of any sort was to be had. Nor had we any other resting-place. Every night buffalo robes were spread on the ground in the rear room, on which, with saddles and (later on) hay for head-rests, we made ourselves comfortable. The furniture consisted of a crude table made out of a packing-box, with small casks serving as seats. Our cook was a half-breed from New Mexico, speaking only Spanish. His knowledge of the culinary art was not great, but, even if it had been greater, it would not have done us much good, inasmuch as his material to work with was very limited at first. Buffalo and antelope meat, bacon, canned fruit, “flapjacks,” and bread were for weeks our uniform fare. Later, coffee, tea, canned vegetables, and potatoes from New Mexico were added to it. The express messengers and stage drivers shared our table and sleeping quarters. A “corral” with the stages and mules was immediately behind the building, the “long-ears” regularly disturbing our rest by their plaintive outcries.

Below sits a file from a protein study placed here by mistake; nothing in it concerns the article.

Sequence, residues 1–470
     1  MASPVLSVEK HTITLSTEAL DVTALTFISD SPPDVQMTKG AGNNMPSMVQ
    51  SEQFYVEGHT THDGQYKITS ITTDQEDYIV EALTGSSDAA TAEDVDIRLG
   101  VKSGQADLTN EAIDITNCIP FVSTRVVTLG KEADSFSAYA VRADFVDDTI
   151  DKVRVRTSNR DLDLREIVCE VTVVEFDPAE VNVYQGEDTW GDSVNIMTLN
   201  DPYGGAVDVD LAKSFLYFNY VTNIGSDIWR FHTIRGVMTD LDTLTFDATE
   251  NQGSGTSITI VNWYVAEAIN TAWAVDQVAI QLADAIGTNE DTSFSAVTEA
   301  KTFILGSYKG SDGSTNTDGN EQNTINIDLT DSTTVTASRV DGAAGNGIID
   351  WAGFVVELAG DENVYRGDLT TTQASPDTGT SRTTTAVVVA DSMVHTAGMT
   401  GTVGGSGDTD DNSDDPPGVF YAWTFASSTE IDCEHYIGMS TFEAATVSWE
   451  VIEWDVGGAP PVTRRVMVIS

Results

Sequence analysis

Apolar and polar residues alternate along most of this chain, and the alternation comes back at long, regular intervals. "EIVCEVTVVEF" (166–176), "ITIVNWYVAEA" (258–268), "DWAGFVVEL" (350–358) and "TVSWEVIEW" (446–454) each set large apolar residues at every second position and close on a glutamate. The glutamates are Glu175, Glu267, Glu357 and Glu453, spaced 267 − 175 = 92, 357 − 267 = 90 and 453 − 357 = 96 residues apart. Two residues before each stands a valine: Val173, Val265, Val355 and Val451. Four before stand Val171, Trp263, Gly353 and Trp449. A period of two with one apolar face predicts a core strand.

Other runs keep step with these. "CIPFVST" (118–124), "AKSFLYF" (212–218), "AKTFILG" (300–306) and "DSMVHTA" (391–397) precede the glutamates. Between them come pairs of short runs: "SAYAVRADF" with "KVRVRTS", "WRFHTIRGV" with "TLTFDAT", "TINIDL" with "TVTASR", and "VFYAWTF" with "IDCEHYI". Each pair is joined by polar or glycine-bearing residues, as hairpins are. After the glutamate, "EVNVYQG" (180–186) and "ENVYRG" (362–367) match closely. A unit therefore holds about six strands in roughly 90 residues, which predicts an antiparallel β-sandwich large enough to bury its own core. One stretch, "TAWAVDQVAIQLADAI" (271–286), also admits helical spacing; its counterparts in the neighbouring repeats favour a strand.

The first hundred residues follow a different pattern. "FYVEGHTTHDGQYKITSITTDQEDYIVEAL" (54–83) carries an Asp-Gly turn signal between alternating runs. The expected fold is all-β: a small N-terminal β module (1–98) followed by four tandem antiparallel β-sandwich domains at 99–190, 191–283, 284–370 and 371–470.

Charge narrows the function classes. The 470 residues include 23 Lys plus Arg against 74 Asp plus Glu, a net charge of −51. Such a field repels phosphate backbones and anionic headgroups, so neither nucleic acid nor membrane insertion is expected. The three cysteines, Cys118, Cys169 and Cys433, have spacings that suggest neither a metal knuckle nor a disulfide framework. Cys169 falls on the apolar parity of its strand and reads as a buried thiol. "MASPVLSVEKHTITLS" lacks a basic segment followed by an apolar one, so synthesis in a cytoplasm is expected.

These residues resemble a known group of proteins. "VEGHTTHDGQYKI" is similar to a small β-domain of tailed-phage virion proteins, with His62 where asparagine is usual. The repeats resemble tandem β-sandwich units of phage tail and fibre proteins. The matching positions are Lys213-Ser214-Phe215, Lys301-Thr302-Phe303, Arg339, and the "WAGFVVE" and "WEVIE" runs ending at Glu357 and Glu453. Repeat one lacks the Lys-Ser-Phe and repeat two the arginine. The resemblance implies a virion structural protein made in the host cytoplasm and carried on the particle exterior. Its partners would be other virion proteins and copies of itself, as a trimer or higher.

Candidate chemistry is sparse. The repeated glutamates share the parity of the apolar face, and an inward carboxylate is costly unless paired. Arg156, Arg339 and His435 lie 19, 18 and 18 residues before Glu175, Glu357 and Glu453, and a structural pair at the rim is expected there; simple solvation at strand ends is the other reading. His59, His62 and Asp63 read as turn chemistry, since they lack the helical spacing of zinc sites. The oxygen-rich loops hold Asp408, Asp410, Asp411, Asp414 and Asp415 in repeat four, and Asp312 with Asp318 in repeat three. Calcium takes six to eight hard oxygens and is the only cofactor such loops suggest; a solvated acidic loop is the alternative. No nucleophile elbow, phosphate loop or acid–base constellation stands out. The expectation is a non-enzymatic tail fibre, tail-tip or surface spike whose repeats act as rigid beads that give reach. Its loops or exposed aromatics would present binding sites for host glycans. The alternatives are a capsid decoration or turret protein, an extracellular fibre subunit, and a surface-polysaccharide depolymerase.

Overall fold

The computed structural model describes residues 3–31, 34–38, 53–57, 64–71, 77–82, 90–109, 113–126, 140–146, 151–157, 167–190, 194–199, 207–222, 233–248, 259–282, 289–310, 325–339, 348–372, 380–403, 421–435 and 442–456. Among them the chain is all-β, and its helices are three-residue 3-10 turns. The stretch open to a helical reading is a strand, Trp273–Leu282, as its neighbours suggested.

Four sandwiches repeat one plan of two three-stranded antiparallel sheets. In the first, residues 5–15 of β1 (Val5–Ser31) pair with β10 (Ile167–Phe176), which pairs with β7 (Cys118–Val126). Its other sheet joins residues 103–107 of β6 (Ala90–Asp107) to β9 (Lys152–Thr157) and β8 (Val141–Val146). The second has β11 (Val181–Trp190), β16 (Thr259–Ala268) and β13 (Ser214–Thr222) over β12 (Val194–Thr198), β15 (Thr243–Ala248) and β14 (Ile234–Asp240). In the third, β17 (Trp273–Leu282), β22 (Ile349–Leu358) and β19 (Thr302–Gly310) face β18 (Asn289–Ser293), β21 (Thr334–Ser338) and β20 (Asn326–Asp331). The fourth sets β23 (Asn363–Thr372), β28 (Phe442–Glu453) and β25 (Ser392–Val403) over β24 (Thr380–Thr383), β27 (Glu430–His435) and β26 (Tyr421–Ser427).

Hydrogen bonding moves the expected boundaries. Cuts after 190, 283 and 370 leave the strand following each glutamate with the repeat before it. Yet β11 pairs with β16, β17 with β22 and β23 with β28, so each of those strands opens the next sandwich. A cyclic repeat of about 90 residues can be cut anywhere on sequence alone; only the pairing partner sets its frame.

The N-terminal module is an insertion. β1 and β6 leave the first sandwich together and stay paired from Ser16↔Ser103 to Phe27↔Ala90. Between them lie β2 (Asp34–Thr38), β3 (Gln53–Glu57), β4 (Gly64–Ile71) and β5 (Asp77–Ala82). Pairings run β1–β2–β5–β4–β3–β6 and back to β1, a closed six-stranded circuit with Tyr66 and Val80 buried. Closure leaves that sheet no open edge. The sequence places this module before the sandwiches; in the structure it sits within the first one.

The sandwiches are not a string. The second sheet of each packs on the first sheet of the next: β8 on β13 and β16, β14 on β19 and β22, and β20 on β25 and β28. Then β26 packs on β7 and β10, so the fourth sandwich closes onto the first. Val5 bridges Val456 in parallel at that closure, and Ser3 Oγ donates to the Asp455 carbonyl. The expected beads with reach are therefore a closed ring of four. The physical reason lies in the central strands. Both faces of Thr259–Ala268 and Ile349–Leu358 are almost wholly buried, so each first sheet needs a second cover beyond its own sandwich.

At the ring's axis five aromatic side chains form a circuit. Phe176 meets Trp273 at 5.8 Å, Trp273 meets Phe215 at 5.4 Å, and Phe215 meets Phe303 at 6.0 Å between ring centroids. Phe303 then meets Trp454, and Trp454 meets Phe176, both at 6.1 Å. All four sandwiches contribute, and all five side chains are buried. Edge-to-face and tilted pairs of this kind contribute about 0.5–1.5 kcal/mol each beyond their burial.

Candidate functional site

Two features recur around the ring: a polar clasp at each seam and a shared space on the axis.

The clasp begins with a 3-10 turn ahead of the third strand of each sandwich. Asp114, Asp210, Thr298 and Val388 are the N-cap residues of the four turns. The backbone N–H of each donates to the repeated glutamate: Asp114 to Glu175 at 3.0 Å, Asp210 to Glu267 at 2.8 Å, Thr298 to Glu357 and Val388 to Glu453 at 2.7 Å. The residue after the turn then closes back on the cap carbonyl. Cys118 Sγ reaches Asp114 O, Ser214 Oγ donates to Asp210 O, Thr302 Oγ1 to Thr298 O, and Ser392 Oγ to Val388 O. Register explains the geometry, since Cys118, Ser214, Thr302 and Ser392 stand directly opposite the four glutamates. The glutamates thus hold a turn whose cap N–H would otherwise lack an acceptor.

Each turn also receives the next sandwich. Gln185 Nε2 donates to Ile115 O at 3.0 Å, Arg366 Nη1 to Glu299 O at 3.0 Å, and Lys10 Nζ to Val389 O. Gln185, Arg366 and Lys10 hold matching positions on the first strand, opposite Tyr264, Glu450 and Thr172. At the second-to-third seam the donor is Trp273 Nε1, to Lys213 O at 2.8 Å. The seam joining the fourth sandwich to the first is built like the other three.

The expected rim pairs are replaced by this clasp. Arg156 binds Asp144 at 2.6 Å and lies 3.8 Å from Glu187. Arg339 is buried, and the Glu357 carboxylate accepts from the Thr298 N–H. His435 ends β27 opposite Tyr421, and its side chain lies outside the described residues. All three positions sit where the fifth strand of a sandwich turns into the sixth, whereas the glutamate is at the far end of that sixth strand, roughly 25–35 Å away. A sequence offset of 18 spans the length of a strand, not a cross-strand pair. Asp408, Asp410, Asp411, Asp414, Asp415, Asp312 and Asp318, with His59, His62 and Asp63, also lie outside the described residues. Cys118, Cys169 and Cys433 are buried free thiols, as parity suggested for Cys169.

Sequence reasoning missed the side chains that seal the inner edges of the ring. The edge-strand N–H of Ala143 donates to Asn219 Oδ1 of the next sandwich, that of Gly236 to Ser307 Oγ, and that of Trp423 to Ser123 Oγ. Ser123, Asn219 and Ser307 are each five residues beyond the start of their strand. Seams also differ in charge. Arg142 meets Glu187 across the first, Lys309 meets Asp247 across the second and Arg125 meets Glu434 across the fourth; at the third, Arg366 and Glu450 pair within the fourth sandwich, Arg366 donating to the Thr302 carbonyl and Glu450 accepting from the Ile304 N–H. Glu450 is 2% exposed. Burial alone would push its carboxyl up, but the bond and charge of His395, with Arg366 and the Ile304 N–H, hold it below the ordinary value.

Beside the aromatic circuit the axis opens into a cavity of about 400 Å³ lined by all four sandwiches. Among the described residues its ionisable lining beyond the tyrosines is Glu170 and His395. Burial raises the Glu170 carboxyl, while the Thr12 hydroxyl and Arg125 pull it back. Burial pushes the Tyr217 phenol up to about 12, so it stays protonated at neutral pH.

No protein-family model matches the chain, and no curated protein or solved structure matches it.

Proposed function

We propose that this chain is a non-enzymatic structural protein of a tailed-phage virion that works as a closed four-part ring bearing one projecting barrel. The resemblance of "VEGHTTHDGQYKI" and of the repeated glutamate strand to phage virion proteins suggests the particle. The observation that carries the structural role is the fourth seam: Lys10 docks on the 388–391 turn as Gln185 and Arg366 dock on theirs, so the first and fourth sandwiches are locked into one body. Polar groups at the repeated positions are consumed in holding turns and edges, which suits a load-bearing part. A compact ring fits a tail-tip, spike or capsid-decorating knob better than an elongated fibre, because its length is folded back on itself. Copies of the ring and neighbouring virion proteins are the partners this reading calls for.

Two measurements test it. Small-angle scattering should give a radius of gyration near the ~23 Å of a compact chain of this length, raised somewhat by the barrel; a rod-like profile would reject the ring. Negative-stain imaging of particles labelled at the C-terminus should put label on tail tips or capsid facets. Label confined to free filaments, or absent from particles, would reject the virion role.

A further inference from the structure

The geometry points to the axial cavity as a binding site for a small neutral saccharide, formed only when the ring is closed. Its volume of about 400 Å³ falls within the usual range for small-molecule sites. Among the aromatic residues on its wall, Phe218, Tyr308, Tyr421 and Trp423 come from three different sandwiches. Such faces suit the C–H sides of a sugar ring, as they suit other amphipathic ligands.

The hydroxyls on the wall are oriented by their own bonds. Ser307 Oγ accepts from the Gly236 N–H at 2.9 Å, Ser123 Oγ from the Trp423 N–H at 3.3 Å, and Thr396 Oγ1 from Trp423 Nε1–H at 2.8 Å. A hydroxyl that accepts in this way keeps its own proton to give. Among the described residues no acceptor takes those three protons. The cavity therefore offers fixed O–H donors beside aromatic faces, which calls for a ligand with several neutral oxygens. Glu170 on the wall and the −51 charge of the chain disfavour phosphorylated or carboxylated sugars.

The hearsay description of Denver and Auraria proved to be substantially correct; but Auraria, which occupied the left bank of Cherry Creek down to the South Platte River, was far ahead of Denver, which was laid out on the right bank. It contained several dozen scattered habitations of every sort, one- and two-story structures of rough-hewn logs, combinations of dugouts and tents, “adobes,” and log walls with canvas roofs, interspersed with wigwams. In Denver not over a dozen structures were up. It seemed as though Auraria would surely get a permanent start of its rival, but it turned out just the other way. Auraria contained all the business places, including some stores with very limited stocks, a tailor's, a shoemaker's, and even a watchmaker's shop, and last, not least, a printing-office, brought from Omaha, and started but a few days before my arrival. From it a readable weekly, the Rocky Mountain News, was already being issued, that subsequently grew into a very flourishing and influential concern and exists to this day under the same